REMPIS/ PARKER/ FLATEN/ CUNNINGHAM : STRINGERS & STRUTS
Dave Rempis – alto/tenor/bari saxophone
Jeff Parker – guitar
Ingebrigt Håker Flaten – bass
Jeremy Cunningham – drums
Released December 1st, 2020 | CD | AR029
bandcamp download included with cd purchase
If you know Chicago jazz, you know the tendons beneath the surface run deep. This isn’t always apparent at first glance. Up above, it’s a broad-shouldered expanse where a multitude of players continue to weave specific sections on the tapestry of this ever-evolving art. And many of those sub-scenes have unique venues, audiences, and networks. But hang around late one night, and you’ll see players from far-flung corners, who may not ever work together, roll into local haunts like Elastic Arts and the Hungry Brain after their gigs to have a laugh and compare perspectives. Stringers and Struts is the audible personification of those deep tendons.
The collaborative quartet featured here consists of four musicians and bandleaders, all current or former Chicagoans, each of whom has carved out their own niche. Rempis is the “outsider” known for firebreathing bands like The Rempis Percussion Quartet, Ballister, and Kuzu. Cunningham, coming perhaps from the “straightest” side of the scene, first gained notoriety for his work with Marquis Hill’s Quintet. Since then, he’s worked regularly with a who’s who of the Chicago jazz world, culminating in 2019’s The Weather Up There, his second leader date which propelled him to international acclaim. Flaten tends to move between those extremes, blowing it out with free jazz power trio The Thing one night, contemporary jazz band Atomic the next, and the mish-mash grindcore/hip-hop/jazz of his own Young Mothers on another. And Parker, now a former Chicagoan after decamping to LA in 2013, is a musical chameleon who’s worked closely with a panoply of artists including Tortoise, Rob Mazurek, Fred Anderson, Nicole Mitchell, Joey DeFrancesco, and Meshell N’Degeocello. It’s his own records that put him in the top ranks of creative music though. 2003’s Like Coping on Delmark remains one of the most tuneful records from turn-of-the-century Chicago, and his releases in recent years – 2016’s The New Breed, and 2019’s Suite For Max Brown – eke out uncharted territory using a combination of composition, improvisation, sampling, and post-production in ways that are truly unprecedented.
So how did this group come together? Some late-night conversations at the bar between Rempis and Cunningham affirmed a mutual respect and shared sense of humor a few years back, and that led to some regular duo gigs. When they realized that mutual friends Parker and Flaten would be in town for the 2019 Chicago Jazz Festival, the opportunity to form a larger group was too good to miss. Parker and Cunningham have a long history together, as do Rempis, Parker, and Flaten, who all toured together in Flaten’s eponymous Chicago Quintet when he was a resident of the city in the late aught’s. With those links in mind, they arranged a Jazz Fest after-set at Elastic Arts in late August 2019, where this album was recorded.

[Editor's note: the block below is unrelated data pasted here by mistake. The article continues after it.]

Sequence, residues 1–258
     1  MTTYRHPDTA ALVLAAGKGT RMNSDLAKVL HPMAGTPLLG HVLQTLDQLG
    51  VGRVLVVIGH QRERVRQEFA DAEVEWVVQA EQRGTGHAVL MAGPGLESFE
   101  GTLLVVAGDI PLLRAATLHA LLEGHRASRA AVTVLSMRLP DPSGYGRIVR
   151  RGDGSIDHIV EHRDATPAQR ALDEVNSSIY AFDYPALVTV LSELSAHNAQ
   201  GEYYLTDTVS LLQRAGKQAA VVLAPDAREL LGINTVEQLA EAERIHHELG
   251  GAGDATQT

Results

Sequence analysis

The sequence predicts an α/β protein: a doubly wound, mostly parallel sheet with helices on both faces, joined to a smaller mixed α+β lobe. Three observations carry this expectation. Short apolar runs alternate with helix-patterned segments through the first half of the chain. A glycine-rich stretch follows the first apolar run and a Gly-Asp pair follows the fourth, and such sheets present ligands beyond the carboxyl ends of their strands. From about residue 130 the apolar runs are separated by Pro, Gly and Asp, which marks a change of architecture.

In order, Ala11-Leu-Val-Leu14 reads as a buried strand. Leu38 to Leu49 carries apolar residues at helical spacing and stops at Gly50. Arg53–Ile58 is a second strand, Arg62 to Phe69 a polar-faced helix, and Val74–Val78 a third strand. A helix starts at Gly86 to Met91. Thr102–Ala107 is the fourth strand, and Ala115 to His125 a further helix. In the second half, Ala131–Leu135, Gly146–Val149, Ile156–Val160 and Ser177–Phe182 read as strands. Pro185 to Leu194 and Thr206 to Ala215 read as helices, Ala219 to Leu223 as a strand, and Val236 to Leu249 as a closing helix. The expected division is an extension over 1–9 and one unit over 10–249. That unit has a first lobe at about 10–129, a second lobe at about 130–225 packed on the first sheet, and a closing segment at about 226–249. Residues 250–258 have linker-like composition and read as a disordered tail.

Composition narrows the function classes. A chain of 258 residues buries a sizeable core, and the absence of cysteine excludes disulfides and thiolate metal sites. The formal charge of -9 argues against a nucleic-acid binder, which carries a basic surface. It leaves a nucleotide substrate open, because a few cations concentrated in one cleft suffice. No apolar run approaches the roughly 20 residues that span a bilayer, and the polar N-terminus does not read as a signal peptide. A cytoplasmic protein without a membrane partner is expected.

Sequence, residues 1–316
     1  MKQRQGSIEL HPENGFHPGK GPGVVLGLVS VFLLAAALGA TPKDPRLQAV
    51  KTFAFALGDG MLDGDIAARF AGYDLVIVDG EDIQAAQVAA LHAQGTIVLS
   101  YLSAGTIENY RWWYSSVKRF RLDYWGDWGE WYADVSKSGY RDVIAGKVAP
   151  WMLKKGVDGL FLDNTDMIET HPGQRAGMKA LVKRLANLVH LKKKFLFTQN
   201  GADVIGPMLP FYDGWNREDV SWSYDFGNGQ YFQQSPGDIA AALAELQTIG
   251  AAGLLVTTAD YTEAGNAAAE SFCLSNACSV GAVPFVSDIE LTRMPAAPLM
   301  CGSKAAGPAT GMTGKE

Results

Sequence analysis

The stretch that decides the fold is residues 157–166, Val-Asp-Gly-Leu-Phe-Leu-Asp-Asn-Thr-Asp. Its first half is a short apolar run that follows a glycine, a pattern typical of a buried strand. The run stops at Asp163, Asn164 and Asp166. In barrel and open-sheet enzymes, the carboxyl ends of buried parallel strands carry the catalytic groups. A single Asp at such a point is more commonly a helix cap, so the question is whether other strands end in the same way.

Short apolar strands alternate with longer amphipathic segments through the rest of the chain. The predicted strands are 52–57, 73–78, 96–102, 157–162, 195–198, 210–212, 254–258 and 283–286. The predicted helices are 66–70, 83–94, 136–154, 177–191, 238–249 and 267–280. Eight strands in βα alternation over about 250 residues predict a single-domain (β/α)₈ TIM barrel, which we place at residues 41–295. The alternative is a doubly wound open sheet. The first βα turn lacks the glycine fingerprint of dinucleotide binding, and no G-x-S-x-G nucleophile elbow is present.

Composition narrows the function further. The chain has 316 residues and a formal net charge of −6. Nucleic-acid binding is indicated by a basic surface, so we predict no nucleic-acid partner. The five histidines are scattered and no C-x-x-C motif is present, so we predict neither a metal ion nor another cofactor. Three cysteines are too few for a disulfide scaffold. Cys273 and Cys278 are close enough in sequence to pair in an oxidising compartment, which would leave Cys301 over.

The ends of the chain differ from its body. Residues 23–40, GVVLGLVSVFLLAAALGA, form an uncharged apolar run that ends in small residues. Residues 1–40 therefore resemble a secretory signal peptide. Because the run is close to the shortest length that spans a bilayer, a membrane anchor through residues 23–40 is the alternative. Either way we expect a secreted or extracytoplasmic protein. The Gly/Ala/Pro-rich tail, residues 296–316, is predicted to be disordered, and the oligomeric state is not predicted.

And despite their stylistic differences in other settings, from the first notes of Stringers and Struts we hear a band that plays with commitment and cohesion. Each member brings out new facets of the others – Parker’s melodicism warms up Rempis’ tone and invites a new focus on contrapuntal motion in his playing, while Rempis draws some spiky shards of sound from Parker’s otherwise round-toned ax. Flaten’s drive propels Cunningham, and frees him up to play more impressionistically than he otherwise might. And Cunningham – who’s been known to fret that he’s a nail-biting novice to free improvisation – proves himself fully capable of taking on that new challenge using the same remarkable depth of musicality that he applies in more familiar contexts. Put these together and you end up with a record that draws lines between Grant Green’s Iron City, Ornette Coleman’s Body Meta, and Sonny Sharrock’s Ask the Ages.
So while these four may blow in from different corners of the weathervane, they meet in a place of respect with a deep commitment to listening, and to acknowledging and absorbing one another’s perspectives. It’s this willingness to keep their ears open over the course of a career that allows each of them to throw off new tendrils with the depth that we hear on Stringers and Struts. You’d be hard pressed to find another setting where such a collaboration could take place.